Fracking for Funding in Appalachian Ohio: Power and Powerlessness

This presentation will focus on a study I conducted in Appalachian Ohio where the shale gas rush is restructuring both the regional economy and landscape. I narrowed my focus to seven counties—Belmont, Carroll, Columbiana, Guernsey, Harrison, Monroe and Noble—that are experiencing an unprecedented amount of unconventional natural gas exploration and extraction (see e.g. Ohio Department of Natural Resources, 2014; Ohio Oil and Gas Association, 2015). This qualitative interview study sought to assess how rural and small town superintendents and treasurers navigate the pressures and responsibilities of entering into legally binding agreements with natural gas companies. The signing bonuses and royalty payments that districts are collecting from these leases are projected to alleviate much of the financial burdens the rural schools in this study have carried for years (see e.g. Burleson & Cooke, 2013; Krassen & Warnock, 2011). Throughout the study I explored the extent to which these financial possibilities are being realized by rural school districts, while calling into question the limitations of relying on agreements based on natural resource exploitation as a means of financial stability. During my presentation, I will discuss the results of my study, the extent to which financial possibilities are being realized by rural school districts, and call into question the limitations of relying on agreements based on natural resource exploitation as a means of financial stability.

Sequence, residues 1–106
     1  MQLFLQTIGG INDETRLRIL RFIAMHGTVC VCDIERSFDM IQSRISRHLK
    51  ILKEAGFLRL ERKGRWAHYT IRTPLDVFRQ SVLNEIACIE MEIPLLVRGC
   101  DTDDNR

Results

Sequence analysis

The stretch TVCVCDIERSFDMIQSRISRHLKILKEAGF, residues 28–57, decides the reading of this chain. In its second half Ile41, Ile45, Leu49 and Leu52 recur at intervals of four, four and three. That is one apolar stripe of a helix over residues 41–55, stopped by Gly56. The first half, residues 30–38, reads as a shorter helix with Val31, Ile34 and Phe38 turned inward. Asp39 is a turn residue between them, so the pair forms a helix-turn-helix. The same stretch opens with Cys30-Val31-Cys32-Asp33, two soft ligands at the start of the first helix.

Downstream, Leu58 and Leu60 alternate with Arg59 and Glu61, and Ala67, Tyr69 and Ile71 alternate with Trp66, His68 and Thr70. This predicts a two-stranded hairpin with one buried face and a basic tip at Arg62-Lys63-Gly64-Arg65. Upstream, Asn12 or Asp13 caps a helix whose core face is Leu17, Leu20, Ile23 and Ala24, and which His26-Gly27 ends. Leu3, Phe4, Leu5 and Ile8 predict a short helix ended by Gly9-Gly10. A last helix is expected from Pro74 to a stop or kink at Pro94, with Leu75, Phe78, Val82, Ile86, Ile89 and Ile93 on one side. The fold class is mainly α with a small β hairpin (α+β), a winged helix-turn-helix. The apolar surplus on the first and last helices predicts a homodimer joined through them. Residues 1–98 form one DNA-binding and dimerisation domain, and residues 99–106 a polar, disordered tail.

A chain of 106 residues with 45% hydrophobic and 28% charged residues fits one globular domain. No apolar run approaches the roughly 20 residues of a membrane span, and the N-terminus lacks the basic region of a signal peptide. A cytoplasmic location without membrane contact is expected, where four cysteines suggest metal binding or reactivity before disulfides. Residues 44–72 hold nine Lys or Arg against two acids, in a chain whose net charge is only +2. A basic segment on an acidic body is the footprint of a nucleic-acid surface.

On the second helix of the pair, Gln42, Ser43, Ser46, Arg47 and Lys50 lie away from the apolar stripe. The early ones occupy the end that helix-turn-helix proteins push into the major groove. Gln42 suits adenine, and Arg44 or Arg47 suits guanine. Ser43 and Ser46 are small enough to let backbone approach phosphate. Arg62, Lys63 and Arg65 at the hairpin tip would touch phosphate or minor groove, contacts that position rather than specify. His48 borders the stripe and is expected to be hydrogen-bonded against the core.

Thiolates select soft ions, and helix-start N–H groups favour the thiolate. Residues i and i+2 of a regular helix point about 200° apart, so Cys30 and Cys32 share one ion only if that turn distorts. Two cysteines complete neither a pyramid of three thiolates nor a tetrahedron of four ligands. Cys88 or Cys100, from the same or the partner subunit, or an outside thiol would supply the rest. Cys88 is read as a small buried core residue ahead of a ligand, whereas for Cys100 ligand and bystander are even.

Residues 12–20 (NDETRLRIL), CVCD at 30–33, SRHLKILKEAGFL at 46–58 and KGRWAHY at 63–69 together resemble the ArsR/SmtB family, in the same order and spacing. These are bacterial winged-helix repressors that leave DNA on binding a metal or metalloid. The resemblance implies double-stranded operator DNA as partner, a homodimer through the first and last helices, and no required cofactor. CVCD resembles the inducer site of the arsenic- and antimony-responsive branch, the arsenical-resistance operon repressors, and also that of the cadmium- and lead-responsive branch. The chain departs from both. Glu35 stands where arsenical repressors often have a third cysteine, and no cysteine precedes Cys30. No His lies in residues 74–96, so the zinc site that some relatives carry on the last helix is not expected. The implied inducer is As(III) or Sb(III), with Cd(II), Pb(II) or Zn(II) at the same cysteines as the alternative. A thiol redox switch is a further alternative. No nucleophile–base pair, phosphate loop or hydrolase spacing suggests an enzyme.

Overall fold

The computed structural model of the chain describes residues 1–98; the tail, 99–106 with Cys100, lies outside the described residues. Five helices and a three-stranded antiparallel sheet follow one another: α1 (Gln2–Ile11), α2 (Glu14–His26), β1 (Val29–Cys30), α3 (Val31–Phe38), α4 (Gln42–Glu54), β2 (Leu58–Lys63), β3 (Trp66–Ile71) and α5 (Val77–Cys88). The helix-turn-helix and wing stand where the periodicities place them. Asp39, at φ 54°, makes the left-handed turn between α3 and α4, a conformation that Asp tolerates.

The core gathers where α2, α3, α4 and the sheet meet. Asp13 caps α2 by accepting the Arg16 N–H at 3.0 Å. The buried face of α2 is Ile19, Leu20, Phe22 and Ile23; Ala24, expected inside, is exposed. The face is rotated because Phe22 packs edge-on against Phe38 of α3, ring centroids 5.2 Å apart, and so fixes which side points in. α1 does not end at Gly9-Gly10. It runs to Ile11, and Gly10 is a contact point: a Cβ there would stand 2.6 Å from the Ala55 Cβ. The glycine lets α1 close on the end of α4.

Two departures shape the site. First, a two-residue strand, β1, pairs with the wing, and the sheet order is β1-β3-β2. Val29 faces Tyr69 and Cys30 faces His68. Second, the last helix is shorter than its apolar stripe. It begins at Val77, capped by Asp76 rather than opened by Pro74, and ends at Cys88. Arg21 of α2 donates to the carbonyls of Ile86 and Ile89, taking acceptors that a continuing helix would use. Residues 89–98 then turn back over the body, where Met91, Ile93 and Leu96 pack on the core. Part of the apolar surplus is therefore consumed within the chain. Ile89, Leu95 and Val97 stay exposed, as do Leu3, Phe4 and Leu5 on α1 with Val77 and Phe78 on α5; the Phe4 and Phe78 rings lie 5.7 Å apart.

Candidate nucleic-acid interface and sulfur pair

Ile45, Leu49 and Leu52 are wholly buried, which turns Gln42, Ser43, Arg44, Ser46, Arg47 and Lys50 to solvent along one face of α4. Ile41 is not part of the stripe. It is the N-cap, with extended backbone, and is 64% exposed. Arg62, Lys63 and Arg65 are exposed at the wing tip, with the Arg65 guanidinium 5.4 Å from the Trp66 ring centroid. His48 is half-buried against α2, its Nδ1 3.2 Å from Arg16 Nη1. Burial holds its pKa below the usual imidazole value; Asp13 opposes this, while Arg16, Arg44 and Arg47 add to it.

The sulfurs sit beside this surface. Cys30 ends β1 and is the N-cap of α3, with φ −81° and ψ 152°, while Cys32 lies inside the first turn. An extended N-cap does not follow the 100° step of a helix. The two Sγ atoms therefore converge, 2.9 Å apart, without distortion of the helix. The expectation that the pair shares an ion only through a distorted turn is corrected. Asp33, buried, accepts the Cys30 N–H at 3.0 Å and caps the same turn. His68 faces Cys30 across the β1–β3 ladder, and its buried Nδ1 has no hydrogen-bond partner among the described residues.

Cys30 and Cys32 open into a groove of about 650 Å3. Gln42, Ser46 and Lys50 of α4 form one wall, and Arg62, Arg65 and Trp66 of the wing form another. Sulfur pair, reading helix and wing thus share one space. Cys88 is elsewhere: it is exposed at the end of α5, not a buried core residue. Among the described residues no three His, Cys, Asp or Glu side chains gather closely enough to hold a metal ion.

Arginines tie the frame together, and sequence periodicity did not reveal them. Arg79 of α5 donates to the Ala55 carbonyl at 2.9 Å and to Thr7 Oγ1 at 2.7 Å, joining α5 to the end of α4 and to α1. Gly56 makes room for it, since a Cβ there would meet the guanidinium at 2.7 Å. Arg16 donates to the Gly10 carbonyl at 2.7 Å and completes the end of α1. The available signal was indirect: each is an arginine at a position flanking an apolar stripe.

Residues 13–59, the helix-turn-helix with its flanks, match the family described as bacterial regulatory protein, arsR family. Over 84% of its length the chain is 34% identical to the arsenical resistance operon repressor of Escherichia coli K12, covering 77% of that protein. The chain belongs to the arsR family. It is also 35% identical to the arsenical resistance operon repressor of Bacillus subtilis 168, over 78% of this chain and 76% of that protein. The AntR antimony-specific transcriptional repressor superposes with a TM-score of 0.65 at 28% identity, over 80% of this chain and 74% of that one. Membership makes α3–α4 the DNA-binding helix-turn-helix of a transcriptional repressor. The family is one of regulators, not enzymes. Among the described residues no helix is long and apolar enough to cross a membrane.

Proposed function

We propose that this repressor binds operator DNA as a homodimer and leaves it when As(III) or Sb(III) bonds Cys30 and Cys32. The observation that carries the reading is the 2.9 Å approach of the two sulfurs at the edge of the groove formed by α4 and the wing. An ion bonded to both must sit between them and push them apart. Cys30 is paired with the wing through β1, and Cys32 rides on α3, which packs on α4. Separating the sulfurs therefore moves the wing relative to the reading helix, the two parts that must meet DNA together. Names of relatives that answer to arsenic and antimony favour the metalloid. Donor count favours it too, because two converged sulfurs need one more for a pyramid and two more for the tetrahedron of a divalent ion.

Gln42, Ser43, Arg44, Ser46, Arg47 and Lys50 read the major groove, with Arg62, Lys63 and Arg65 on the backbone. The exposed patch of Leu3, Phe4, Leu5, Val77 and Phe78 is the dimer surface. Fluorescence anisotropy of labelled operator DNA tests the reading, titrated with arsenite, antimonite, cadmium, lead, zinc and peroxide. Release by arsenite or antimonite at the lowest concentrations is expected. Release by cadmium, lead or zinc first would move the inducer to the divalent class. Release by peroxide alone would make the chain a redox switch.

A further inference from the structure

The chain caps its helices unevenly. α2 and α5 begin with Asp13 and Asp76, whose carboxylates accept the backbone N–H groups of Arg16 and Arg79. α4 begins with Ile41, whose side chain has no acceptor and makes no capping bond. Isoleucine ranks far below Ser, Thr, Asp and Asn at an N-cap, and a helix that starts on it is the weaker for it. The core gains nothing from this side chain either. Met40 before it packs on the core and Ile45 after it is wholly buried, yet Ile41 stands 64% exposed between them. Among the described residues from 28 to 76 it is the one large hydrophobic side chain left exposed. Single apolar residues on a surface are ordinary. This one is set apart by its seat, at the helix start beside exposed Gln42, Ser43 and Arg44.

Please note: I was scheduled to make a similar presentation at the 2017 ASA conference, but had to withdraw at the last minute because I was sick and unable to travel.